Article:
Corporate Banner
Satellite Banner
Food & Beverage Analysis
Scientific Community
 
Become a Member | Sign in
Home>News>This Article
  News
Return

Project to Combat Food Fraud Wins UK Government Grant

Published: Saturday, February 15, 2014
Last Updated: Saturday, February 15, 2014
Bookmark and Share
Government funding to accelerate the development of a new test to combat food fraud.

Three UK companies have secured government funding to accelerate the development of a new test to combat food fraud in the wake of the horsemeat scandal. The test will detect any DNA in processed foods coming from at least 12 different animal species, including some not normally associated with the food chain. By quantifying the relative amounts of DNA, the test will also indicate the severity of any contamination or deliberate adulteration.

The one-year project is a collaboration between Safeguard Biosystems Holdings Ltd (“SG Bio”), Reading Scientific Services Ltd (“RSSL”) and Arrayjet Ltd (“Arrayjet”). Its potential impact was recognized by the UK’s innovation agency, the Technology Strategy Board, who will co-fund it with the Food Standards Agency and the Department for Food, Environment and Rural Affairs.

Additional funding is provided by the three companies.

This new test is based on proprietary DNA detection technology, developed by the lead partner SG Bio, and will allow identification and quantification of Cow, Pig, Chicken, Horse, Goat, Sheep, Turkey, Donkey, Dog, Cat, Rat and Mouse in foods.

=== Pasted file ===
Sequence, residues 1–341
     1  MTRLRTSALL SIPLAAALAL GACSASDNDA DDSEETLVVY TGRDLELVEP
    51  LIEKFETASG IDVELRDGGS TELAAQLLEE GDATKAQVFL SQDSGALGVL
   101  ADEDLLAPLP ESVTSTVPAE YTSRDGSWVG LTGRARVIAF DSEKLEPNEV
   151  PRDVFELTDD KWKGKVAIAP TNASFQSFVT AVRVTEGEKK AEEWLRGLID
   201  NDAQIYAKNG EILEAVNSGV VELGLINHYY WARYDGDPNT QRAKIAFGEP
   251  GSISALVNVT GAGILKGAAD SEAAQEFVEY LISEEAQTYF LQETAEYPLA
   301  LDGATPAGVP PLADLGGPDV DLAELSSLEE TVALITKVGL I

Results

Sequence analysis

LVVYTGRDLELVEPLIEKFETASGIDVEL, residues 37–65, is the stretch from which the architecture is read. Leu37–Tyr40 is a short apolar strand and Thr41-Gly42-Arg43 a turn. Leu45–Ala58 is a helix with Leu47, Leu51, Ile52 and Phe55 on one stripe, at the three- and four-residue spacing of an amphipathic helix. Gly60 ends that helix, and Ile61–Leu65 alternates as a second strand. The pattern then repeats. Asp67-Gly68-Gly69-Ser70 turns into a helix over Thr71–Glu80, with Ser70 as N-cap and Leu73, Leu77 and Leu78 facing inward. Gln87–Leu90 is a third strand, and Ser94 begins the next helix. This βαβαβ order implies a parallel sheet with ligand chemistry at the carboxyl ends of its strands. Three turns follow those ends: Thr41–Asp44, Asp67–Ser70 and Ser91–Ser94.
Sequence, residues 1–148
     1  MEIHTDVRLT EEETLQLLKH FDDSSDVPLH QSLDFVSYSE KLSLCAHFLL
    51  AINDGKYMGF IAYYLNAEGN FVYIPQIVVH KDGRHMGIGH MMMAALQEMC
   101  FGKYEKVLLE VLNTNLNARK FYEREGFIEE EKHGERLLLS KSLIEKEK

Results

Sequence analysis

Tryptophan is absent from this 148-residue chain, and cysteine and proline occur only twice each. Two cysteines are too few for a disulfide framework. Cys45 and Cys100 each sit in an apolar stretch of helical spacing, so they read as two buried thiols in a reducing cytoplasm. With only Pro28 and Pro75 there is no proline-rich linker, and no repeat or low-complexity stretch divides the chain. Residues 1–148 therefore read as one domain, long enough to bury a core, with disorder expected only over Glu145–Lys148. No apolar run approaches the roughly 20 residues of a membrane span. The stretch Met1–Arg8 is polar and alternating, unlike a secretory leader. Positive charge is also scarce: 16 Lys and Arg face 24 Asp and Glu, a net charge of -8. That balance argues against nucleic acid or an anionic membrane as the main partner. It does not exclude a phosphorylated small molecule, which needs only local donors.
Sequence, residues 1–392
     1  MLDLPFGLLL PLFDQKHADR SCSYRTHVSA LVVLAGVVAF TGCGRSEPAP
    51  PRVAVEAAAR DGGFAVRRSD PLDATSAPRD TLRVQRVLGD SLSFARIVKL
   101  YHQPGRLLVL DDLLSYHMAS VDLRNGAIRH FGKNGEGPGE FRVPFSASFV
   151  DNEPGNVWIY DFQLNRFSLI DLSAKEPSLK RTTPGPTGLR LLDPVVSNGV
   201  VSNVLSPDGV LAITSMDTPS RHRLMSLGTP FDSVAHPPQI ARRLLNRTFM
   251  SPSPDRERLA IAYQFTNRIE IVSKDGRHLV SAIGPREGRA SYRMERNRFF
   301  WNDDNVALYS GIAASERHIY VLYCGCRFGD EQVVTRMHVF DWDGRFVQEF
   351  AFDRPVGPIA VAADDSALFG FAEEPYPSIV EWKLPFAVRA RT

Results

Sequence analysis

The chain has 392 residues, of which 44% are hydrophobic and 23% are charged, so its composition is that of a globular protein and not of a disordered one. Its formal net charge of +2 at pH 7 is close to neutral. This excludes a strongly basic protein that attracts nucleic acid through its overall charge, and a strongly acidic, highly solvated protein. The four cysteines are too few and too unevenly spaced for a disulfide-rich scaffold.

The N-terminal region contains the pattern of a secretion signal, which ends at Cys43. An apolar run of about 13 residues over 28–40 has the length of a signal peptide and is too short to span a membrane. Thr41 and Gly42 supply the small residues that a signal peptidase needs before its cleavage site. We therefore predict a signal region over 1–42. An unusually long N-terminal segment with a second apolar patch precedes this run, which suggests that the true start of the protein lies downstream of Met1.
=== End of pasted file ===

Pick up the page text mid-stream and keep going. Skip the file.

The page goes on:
The principle of the test is to identify the targeted DNA sequences in a given food sample and then to calculate the ratio of different species within a sample to establish whether adulteration or contamination has occurred.

The new test aims to reduce the cost and time of food testing so that it becomes possible to routinely check all points in the supply chain. The currently available tests are limited by cost and time. The key to speeding up the process and bringing down costs is making it high-throughput.

It will do this by taking advantage of microarray technology, which enables biological tests to be miniaturized and multiplexed. This allows multiple DNA tests to be carried out on a single sample simultaneously, whilst also enabling multiple food samples to be processed in parallel.

The project has been designed collaboratively utilizing SG Bio’s DNA expertise, Arrayjet’s printing specialization and RSSL’s (a certified food-testing laboratory) expertise in food authenticity.

SG Bio will design and calibrate the test utilizing a reusable DNA SensorArray™ capable of handling 96 separate samples at a time. Once the SensorArray™ design is completed, Arrayjet will be responsible for manufacturing them under tightly regulated conditions.

RSSL will be responsible for extracting DNA from a wide range of raw meat and processed food samples from verified sources and then using these to validate the SensorArray™. For independent corroboration, DNA samples will also be sent to Campden BRI for additional validation.

Expansion of the range of meat species will follow in future versions, as well as the ability to authenticate the breed or location of origin.

Migrating the technology to other food groups that are susceptible to fraud or adulteration such as fish, juices and wine is also planned.

Ultimately the partners would like to see the test used for mass screening by retail chains, regulatory bodies, restaurant and fast food outlets, meat processors and food producers globally to provide consumers with assurance as to what they are buying.